On the other hand, he said, he advises people not to use heavy rigging during the ban, and he encourages them to breed fish and raise eels to supplement their catches.

Nao Thuok, head of Agriculture Ministry’s fishery administration, said there is no exception for any particular fishing community in the use of banned gear this season.

“Any such act will be cracked down on,” he said. “This is according to the law, which must be implemented to benefit all the people across the country, not just that particular community or a small number of others.”

“All floating communities around the Tonle Sap should only fish for family consumption during this ban season,” he said, “so that more fish can breed for them to catch at the end of the season.”


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Thailand Threatens to Pull Out of UN World Heritage Committee Over Border Dispute

Preah Vihear temple is seen near Cambodian-Thai border in Preah Vihear province, about 245 kilometers (152 miles) north of Phnom Penh, Cambodia (File photo)


Thailand is threatening to withdraw support from the U.N. Educational, Scientific and Cultural Organization if the U.N. World Heritage Committee backs a Cambodian plan to manage a 900-year-old Hindu temple site bordering the two countries.

The Thai government's threat to withdraw from the 21-nation UNESCO World Heritage Committee was made as the panel prepared to vote on a new Cambodian proposed management plan for the 900-year-old Khmer temple.

Source of tensionThe Preah Vihear temple site lies immediately inside the Cambodian border on the top of a 525-meter-high cliff in the Dangrek Mountain range. But access to the temple complex is only readily available from the Thai side.

span class="fullpost">In 1962, the International Court of Justice ruled that that the temple is on the Cambodian side of the border, but failed to determine ownership of an adjacent piece of land. Since then, Thailand has sought to have both countries jointly seek World Heritage listing for the site.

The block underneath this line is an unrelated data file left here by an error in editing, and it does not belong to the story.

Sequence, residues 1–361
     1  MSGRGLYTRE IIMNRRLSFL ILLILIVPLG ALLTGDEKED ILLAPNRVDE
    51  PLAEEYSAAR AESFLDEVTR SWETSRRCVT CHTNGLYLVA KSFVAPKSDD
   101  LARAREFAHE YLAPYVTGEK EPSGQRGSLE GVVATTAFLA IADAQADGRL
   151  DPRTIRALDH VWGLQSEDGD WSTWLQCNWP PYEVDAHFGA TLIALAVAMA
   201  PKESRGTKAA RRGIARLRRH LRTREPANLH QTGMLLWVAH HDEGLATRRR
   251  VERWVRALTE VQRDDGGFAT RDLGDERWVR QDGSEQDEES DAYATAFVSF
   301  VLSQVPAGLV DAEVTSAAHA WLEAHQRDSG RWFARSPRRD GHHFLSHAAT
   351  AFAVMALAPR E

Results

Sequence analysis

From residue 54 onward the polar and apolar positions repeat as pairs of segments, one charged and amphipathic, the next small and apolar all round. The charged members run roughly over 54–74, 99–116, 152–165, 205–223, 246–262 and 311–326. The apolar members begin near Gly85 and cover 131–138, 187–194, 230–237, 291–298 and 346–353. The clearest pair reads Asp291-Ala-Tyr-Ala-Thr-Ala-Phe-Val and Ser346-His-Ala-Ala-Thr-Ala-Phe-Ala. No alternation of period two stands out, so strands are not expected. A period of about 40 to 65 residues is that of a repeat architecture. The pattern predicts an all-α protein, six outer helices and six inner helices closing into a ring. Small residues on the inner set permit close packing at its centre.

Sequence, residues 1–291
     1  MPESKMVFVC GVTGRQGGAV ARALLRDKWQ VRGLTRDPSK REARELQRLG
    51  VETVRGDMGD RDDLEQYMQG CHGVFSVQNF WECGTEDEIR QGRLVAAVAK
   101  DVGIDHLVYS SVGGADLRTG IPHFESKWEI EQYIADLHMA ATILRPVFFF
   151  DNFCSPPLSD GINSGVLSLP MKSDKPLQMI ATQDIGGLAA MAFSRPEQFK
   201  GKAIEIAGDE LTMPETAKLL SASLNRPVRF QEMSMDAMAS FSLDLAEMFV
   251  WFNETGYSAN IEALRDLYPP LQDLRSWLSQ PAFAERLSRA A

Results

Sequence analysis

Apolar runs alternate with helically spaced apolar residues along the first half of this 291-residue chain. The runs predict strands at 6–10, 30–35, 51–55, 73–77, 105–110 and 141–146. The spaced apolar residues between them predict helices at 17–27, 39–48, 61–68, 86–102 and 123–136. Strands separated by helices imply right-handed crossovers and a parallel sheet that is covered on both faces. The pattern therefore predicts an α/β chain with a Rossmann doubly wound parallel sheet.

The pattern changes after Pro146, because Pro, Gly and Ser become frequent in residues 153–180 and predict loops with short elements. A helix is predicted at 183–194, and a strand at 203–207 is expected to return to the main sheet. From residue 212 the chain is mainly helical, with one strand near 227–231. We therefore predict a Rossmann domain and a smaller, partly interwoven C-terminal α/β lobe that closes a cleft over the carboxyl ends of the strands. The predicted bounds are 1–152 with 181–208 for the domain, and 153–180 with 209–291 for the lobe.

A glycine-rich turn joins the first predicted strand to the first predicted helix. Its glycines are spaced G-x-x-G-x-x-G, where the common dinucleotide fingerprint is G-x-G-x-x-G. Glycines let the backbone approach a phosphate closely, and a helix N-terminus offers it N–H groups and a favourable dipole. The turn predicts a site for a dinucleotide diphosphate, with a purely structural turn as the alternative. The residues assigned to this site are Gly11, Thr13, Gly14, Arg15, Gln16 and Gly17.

But in 2008, then Thai Foreign Minister Noppadon Pattama was forced to resign after a Thai court found he had breached the constitution by signing a joint communiqué with Cambodia. This opened the way for Cambodia to make a separate application for World Heritage listing.

New friction

Under a proposed development plan for the temple, Thailand fears Cambodia may create a buffer zone around the site, marking what Thailand sees as occupation of its territory.

The Thai government has been lobbying committee member states to postpone the vote until both countries settle the border disputes covering land immediately surrounding the Preah Vihear temple.

Thai government spokesman Panitan Wattanayagorn said Minister for Natural Resources Suvit Khunkitti attended the meeting and had the full backing of the Cabinet for Thailand to withdraw from the World Heritage Committee.

"If the process adopting that plan is approved, not only Khun Suvit is authorized to object to that plan - not to vote for that plan - he is authorized to express his ideas, his concerns and also the wishes of the Thai government to reconsider the membership of the World Heritage Committee," Panitan said.

Thai proposal

Thai Prime Minister Abhisit Vejjajiva is calling for a return to a 2000 agreement centered on the border demarcation. He said Thailand would only accept Cambodia's management plan if the temple is jointly listed between the two countries.

The temple site gained World Heritage listing in 2008, but has remained a source of nationalist tensions since then. Pro-nationalist groups in Thailand protested earlier this week outside the UNESCO offices in Bangkok.

Avoiding clashes

In recent years, rising tensions between Thailand and Cambodia have led to cross-border clashes, with the Thai army accusing Cambodian troops of laying land mines in the region.

UNESCO's director general, Irina Bokova, released a statement calling for dialogue in safeguarding the temple site. She also said the World Heritage Committee's first concern is to protect and promote the region's heritage, and emblems of peace, dialogue and reconciliation.